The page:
Description: The Blanding’s Turtle is a medium-sized turtle with a large, domed carapace. Adults have carapace lengths ranging from 5–9 inches (13–23 cm). The carapace is typically dark and covered in small flecks of yellow. The plastron is light yellow to tan in coloration with several dark blotches on each of the scutes, with a single hinge just behind the front limbs. This hinge raises the plastron, allowing individuals to retract their head and neck into the protective shell. The top of the head is similar in patterning to the carapace, and the lower jaw, throat, and neck are solid yellow. Additional characteristics include a long neck, protruding eyes, and a notched upper jaw. Males are typically smaller than females and have a longer tail and a slightly concave plastron.
Habitat: Blanding’s Turtles can be found in wetlands or other permanent bodies of water with little or no flow, high amounts of vegetation, and sandy substrates.
Natural History: Blanding’s Turtles are omnivores, often feeding on fish, frogs, carrion, invertebrates, and plant material. Though large, these turtles are agile swimmers and capable of chasing down prey in the water. Blanding’s Turtles are active during the day and often bask on logs, banks, and clumps of vegetation. This turtle is primarily aquatic, although they will travel long distances overland. Individuals overwinter in mud and organic material at the bottom of aquatic habitats and may also estivate during periods of warm temperatures. Most breeding activity takes place in the early spring and continues through May. Courtship involves a series of steps that can last several hours and includes males chasing, mounting, biting, and attempting to stimulate females to reproduce. Females dig nests that are 7 inches (18 cm) deep in sparsely vegetated sandy upland habitats and lay eggs from May to June. Clutch sizes range from 5–12 eggs (an average of 8). Eggs hatch in two months, and the sex of juveniles is determined by the temperature of the nest. Sexual maturity may take 14–20 years, with males often reaching maturity at faster rates than females.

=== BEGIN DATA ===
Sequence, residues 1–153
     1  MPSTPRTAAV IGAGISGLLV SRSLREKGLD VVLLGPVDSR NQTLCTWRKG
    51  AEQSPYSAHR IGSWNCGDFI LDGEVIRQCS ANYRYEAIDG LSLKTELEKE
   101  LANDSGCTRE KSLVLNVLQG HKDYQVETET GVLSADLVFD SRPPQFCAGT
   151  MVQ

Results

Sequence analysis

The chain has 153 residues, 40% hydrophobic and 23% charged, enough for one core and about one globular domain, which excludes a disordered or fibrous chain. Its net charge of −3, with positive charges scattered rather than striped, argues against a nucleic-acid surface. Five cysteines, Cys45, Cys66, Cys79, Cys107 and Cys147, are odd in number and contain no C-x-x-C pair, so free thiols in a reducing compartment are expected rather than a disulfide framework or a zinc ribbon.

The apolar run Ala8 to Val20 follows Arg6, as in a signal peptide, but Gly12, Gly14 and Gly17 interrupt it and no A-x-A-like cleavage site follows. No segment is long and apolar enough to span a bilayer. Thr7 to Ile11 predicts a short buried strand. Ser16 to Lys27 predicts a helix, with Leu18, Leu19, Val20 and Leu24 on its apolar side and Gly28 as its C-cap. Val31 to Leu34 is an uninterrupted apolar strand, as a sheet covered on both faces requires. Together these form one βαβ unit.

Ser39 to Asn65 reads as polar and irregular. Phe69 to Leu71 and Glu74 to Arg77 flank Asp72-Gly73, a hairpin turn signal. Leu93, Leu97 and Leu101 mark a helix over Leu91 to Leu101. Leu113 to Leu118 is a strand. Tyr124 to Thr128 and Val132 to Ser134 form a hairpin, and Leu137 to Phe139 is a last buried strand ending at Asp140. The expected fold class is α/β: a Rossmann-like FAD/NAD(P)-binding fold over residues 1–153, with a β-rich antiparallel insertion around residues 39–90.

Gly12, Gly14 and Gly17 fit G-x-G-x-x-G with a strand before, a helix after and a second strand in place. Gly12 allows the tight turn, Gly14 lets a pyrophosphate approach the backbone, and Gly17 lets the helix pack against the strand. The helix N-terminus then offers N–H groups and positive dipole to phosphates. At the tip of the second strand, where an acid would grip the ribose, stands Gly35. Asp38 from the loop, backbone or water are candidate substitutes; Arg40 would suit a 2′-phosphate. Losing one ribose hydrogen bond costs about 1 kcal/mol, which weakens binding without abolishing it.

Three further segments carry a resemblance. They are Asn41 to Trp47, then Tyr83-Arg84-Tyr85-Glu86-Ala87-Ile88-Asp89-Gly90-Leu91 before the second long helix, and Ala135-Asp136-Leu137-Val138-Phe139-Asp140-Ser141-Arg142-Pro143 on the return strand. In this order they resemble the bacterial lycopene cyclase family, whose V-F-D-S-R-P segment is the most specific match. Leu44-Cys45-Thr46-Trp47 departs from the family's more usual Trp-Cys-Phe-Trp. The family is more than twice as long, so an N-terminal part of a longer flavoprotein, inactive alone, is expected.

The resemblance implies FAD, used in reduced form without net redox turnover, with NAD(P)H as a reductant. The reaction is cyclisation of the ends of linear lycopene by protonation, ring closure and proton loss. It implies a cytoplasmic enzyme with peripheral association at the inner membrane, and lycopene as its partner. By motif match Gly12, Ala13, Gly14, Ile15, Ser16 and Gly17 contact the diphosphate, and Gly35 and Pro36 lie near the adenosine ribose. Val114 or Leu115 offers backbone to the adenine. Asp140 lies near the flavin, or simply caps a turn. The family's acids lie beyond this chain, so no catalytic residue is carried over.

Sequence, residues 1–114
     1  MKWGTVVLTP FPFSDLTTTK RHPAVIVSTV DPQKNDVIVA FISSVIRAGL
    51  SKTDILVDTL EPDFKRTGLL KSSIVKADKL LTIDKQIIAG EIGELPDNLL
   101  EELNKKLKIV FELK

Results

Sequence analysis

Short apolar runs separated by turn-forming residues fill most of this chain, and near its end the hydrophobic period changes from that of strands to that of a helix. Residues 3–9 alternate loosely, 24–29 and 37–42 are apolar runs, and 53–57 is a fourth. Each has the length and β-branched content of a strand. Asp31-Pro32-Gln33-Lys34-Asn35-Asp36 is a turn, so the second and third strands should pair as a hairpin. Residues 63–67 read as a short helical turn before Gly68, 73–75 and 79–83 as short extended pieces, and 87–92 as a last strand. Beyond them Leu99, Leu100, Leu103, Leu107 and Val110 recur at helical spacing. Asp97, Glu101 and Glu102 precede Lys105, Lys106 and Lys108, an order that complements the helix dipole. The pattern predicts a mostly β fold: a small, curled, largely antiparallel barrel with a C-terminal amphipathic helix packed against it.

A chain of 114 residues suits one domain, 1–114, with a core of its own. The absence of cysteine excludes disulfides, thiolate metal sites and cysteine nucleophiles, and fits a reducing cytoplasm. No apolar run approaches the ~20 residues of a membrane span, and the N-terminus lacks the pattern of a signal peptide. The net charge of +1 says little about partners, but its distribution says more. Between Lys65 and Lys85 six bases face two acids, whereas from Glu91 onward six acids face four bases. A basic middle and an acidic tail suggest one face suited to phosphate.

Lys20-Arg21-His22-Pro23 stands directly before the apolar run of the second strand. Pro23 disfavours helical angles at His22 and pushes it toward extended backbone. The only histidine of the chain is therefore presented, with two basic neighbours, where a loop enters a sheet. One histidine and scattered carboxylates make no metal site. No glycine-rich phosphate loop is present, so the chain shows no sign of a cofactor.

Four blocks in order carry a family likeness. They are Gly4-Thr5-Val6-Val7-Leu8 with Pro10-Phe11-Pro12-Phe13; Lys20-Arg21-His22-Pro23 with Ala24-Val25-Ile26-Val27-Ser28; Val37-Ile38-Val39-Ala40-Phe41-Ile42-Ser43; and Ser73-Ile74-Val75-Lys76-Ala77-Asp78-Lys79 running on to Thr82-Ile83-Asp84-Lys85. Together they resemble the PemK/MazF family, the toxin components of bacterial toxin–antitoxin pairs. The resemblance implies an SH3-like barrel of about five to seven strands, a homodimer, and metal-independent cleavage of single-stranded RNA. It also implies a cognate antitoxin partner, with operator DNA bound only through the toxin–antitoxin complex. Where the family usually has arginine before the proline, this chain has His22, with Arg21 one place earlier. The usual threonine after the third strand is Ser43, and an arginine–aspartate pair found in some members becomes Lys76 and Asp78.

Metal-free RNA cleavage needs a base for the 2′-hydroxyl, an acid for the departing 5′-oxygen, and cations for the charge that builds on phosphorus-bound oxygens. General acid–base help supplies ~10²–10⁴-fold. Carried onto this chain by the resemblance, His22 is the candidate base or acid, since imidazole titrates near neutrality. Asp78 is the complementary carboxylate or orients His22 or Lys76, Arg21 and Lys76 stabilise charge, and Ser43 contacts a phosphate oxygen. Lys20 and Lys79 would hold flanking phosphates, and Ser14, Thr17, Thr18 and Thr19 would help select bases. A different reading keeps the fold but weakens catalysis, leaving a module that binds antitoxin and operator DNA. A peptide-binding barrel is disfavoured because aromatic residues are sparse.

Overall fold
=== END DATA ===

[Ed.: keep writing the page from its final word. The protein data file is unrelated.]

Species Distribution: Blanding’s Turtles are primarily distributed across the Great Lakes regions, extending from the Sandhills of western Nebraska, east through Iowa and Minnesota to northern New York. Few, isolated populations exist surrounding this region.
South Dakota Distribution: It is possible that few, isolated, peripheral populations of this species were once present in the southeastern corner of the state, but no documentation of this species has been reported in recent decades. If Blanding’s Turtles were once present in southeastern South Dakota, they are likely extirpated. A large population of Blanding’s Turtles is known from the Sandhills near Valentine, Nebraska, and it is possible that Blanding’s Turtles may eventually be documented from the Sandhills region in south-central South Dakota.
South Dakota Status: This species is monitored by the South Dakota Natural Heritage Program. Any observations of this species should be reported to South Dakota Game, Fish and Parks (report observation).
Remarks: The species is named after William Blanding, an early naturalist from Philadelphia. The only verifiable record of this species is from a specimen collected in the Big Sioux River near Sioux Falls in 1963. Given that Blanding’s Turtles are primarily recognized as occurring in wetland habitats, rather than rivers, it raises questions about whether this record from the Big Sioux River in Sioux Falls represents a wild individual or a released pet.